There’s no mountain that can’t be climbed
When primary school teacher and mum of three Michelle Hourigan summited Mount Kosciuszko in February with her husband and three children, she recalled how achieving this feat as a family was never a given.
Far from it.
In fact, it’s been a big climb, right from the moment when, at just a few days old, Michelle’s third - and youngest - child Kristy suffered a stroke. At about 10 days old, they were told Kristy had hemiplegic cerebral palsy. The news made her redouble her efforts to ensure each family member could make the most of every opportunity.
“Sitting there in the hospital with baby Kristy was one of those eye-opening motherhood moments, “ Michelle says. “With Kristy’s entire right-hand side affected, we were told she would most likely never walk and be in a wheelchair.”
“Seeing your child being put on life support, and being told she may never walk was the most gut-wrenching and emotional time I have ever experienced as a mother. I learnt very quickly about the importance and strength of family and friends and the power of being positive,” she says. “Having a child with special needs has most definitely challenged me as a mum. It has opened up a world of finding creative and practical ways to overcome challenges and realising that she is not disabled but ‘differently abled.’”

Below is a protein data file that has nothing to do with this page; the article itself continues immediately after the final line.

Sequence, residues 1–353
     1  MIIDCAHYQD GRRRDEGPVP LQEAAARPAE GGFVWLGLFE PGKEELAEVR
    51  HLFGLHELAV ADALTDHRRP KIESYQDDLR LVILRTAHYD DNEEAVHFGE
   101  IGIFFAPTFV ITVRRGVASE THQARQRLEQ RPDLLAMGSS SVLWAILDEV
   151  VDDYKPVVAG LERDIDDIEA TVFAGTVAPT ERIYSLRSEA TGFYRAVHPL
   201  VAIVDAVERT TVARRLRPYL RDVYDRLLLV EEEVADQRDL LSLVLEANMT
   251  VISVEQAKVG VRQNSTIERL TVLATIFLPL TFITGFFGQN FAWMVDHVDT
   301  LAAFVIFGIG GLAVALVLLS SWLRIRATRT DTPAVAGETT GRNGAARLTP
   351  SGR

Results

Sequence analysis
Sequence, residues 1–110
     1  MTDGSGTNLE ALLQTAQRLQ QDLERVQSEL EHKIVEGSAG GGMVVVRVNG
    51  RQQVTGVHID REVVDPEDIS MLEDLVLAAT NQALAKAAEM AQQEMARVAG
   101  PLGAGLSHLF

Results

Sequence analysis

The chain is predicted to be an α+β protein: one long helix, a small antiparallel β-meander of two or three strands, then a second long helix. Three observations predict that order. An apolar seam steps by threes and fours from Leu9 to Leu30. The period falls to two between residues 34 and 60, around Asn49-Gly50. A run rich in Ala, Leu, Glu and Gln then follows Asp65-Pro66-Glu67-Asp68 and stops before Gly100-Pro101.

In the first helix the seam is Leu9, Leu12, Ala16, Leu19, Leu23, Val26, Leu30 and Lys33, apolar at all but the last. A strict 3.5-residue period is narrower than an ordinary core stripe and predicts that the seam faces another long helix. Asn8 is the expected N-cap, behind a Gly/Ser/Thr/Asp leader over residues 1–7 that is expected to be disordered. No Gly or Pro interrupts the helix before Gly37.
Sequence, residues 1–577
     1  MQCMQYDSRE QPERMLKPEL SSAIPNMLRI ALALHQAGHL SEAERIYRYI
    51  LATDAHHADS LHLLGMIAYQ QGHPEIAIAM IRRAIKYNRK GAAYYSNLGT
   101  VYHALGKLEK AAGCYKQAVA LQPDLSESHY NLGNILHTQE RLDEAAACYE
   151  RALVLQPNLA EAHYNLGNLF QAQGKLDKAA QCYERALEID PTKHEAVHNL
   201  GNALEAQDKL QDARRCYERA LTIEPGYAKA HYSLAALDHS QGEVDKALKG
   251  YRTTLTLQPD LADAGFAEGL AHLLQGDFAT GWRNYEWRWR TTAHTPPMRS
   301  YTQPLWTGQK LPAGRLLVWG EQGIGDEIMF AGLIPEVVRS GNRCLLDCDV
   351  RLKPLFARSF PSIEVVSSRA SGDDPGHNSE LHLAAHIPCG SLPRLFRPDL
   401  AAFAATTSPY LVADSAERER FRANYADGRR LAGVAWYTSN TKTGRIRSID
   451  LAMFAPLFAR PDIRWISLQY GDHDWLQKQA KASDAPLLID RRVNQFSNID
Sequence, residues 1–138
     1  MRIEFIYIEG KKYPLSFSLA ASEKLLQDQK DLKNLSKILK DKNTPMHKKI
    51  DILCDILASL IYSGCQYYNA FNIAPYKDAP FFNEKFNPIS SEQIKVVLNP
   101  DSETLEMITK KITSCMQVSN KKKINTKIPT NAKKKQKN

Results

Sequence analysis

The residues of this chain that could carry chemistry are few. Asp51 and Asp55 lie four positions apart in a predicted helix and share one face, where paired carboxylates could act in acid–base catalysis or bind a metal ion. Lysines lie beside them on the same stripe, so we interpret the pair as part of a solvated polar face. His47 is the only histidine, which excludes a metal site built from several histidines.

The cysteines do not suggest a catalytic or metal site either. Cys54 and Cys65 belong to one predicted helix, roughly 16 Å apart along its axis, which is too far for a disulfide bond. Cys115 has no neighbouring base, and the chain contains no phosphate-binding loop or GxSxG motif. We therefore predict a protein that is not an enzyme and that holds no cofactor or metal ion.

“(The experience) has made each member of our family a better person – definitely more adaptable, as we fully understand each other's challenges.”
“You don’t say things like that to a mum – that your child isn’t going to walk,” muses Michelle, as her daughter Kristy who lives by the motto: “I can do what you can do, I just do it differently”.
Nurturing passions and aspirations
Supporting, encouraging and nurturing the very different aspirations, talents and passions of her children is one of Michelle’s highest priorities. So too is encouraging her children to step out of their comfort zones.
In February, the Hourigan's participated in the Krazy Kosci Klimb, an opportunity for people with varying degrees of cerebral palsy, assisted by their support teams, to reach the top of Australia. Over 33,000 steps and six hours they made it back to base camp, raising $23,000 for the Cerebral Palsy Alliance.
“Completing the climb as a family was a huge achievement for us. We did it as a team, and most importantly we did it as a family.”
"Being a mum is all about seeing the bigger picture, and keeping it real," she says. "My son Matt juggles Architecture at uni and a passion for musical theatre. He has the lead role in a musical and he's living that passion. Bailee is studying Business and Law. She is also a talented athlete and plays a number of representative sports. Kristy plays netball and has competed in para-sports. She walks. She runs. She goes to a mainstream school. Last year she stepped right out of her comfort zone to deliver a speech to over five hundred people at the Grace Gala Ball."
Michelle supports her children to be what they want to be – and makes sure they can always take advantage of opportunities that come their way.
This year on Mother’s Day, Michelle is looking forward to reflecting on what she as a mum and they as a family have achieved together.
“Motherhood is an overwhelming explosion of joy, hopes, dreams and unconditional love. It’s by far the most rewarding job I’ve ever had. To hear my children call me ‘Mum’ anytime, anywhere – even at 3am – is greater than anything.”
About: 'Those who mum' series
Meet 40 women across Australia, from as far as Cairns in North Queensland to Baldivis in Western Australia, as part of a 40-part editorial and portrait series that celebrates the faces of women and mums from across Australia.